Lake Puma Yumco

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Lake Puma Yumco
PumaYumco winter mosaic.jpg
Puma Yumco in winter. The north-south white line is a possible ice ridge, formed by east-west winds subsequently highlighted by snow.
Lake Puma Yumco is located in Tibet
Lake Puma Yumco
Lake Puma Yumco
Location in the Tibet A.R.
LocationNagarzê County, Tibet
Coordinates28°34′N 90°25′E / 28.567°N 90.417°E / 28.567; 90.417Coordinates: 28°34′N 90°25′E / 28.567°N 90.417°E / 28.567; 90.417
Native nameཕུ་མ་གཡུ་མཚོ · 普莫雍错
Basin countriesChina
Max. length32 km (20 mi)
Max. width14 km (8.7 mi)
Surface area280 km2 (110 sq mi)
Surface elevation5,030 m (16,500 ft)
Lake Puma Yumco (centre) and Lake Yamzho Yumco from space, November 1997

Lake Puma Yumco (Tibetan: ཕུ་མ་གཡུ་མཚོ, Wylie: phu ma g.yu mtsho; simplified Chinese: 普莫雍错; traditional Chinese: 普莫雍錯; pinyin: Pǔmò Yōngcuò) is a lake located at 5,030 m (16,500 ft) above mean sea level on the southern Tibetan Plateau, and is situated within Nagarzê County of the Tibet Autonomous Region. It is 32 km (20 mi) long, 14 km (8.7 mi) wide, and covers an area of 280 km2 (110 sq mi).[1] Streams of water from the snow-capped surrounding mountains feed the lake, but the lake has no outlet. Some sediment can be seen entering the lake at its western end.

Puma Yumco literally means The Blue Jewel which is floating in the sky. The lake freezes in winter and is crossed by shepherds with their sheep. Since the climate is warming, the ice is becoming thinner and thus creates a problem for the 120 people living off and around the lake.[citation needed]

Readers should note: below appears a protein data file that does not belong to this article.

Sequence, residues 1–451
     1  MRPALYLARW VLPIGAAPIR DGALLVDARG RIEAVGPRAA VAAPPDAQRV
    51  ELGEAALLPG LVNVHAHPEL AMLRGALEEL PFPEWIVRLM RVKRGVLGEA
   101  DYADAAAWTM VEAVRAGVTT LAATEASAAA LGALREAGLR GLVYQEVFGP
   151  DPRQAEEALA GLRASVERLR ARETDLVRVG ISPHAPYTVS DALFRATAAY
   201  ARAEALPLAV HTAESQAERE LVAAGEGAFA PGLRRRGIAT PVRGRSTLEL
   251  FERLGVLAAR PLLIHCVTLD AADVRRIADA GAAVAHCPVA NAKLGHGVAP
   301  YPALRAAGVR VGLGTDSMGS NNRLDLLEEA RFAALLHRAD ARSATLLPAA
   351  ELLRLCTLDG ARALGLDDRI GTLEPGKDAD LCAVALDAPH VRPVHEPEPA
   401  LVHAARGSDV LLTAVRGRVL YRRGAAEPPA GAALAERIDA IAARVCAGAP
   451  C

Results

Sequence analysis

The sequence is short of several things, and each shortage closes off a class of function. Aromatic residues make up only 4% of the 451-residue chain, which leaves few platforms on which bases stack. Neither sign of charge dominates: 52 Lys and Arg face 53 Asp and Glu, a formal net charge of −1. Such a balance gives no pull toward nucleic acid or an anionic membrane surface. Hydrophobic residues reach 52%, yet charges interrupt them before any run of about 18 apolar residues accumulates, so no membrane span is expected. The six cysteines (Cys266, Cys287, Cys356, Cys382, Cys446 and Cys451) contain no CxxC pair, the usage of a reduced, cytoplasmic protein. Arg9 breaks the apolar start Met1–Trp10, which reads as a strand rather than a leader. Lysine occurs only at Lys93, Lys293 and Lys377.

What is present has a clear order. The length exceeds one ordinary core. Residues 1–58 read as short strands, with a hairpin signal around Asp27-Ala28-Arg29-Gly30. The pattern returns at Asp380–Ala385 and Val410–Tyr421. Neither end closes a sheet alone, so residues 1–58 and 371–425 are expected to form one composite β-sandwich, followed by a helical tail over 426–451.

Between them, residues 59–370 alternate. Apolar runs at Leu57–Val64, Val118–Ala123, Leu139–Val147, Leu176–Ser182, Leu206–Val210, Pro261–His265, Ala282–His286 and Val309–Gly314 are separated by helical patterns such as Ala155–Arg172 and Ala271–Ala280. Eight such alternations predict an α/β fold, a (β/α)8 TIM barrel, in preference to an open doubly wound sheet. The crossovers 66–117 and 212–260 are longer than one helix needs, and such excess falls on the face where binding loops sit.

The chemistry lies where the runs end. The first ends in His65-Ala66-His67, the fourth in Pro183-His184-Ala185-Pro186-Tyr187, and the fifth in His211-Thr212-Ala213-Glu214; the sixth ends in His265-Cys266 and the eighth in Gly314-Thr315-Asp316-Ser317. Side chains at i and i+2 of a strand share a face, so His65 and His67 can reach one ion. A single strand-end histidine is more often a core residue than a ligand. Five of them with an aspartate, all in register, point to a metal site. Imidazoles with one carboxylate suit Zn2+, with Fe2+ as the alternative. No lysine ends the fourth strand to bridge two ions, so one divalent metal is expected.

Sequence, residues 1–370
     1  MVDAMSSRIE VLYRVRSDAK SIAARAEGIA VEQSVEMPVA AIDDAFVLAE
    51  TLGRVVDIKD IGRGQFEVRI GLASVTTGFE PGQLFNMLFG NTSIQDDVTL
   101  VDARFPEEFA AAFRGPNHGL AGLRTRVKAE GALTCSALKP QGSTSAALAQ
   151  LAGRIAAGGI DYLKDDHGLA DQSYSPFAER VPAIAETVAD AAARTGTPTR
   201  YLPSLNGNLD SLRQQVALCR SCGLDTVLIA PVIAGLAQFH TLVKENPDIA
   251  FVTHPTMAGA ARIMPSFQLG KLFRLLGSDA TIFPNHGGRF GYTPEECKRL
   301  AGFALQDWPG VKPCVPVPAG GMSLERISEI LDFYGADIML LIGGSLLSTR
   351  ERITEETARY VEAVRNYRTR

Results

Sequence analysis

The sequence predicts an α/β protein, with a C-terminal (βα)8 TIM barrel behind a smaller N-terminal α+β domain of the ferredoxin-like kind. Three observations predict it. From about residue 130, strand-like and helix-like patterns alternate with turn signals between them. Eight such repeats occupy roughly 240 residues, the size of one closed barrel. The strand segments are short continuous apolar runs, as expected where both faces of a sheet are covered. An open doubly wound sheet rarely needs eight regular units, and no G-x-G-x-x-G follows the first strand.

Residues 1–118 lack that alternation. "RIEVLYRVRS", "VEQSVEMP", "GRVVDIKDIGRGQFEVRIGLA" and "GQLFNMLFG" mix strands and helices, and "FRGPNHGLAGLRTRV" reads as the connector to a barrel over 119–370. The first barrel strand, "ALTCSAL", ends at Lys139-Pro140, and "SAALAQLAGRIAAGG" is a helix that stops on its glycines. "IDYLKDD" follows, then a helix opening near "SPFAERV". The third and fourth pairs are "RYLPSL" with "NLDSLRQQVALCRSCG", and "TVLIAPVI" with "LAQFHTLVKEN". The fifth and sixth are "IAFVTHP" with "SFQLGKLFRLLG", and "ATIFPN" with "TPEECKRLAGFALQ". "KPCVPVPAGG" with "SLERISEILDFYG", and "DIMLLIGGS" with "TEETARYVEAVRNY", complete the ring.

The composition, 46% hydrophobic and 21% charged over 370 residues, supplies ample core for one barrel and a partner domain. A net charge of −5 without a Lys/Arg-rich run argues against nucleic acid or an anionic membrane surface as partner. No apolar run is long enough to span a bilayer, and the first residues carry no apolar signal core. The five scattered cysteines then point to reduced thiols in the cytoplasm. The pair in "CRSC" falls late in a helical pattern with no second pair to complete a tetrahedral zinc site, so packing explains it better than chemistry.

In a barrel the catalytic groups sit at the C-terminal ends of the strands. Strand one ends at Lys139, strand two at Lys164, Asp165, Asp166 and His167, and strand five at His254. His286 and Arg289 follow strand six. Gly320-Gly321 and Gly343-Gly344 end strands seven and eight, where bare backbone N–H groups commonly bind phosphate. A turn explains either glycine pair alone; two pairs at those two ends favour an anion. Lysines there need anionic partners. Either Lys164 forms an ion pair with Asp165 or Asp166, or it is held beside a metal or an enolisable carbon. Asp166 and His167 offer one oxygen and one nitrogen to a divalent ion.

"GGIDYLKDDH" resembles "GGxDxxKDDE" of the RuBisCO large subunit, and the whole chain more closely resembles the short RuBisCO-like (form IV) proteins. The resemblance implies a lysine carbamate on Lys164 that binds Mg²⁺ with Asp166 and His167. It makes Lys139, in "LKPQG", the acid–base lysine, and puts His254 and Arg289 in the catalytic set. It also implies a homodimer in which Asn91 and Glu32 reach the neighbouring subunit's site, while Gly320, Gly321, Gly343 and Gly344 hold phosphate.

The lake is considered ultraoligotrophic, meaning that nutrient concentrations in both the water column and lake sediments are extremely low. Water in such lakes tends to be blue to blue-green and to have high clarity due to low levels of photosynthesizing organisms such as phytoplankton.

During the winter, the lake develops intricate ice block patterns on the surface, ranging from less than ten to hundreds of metres in diameter. The ice pattern is caused by repeated cycles of freezing, fracturing, and refreezing of the ice due to variations in temperature and wind-induced ice motion.



  1. ^ Herdendorf, Charles E. (1982). "Large Lakes of the World". Journal of Great Lakes Research. 8 (3): 379–412. doi:10.1016/S0380-1330(82)71982-3.

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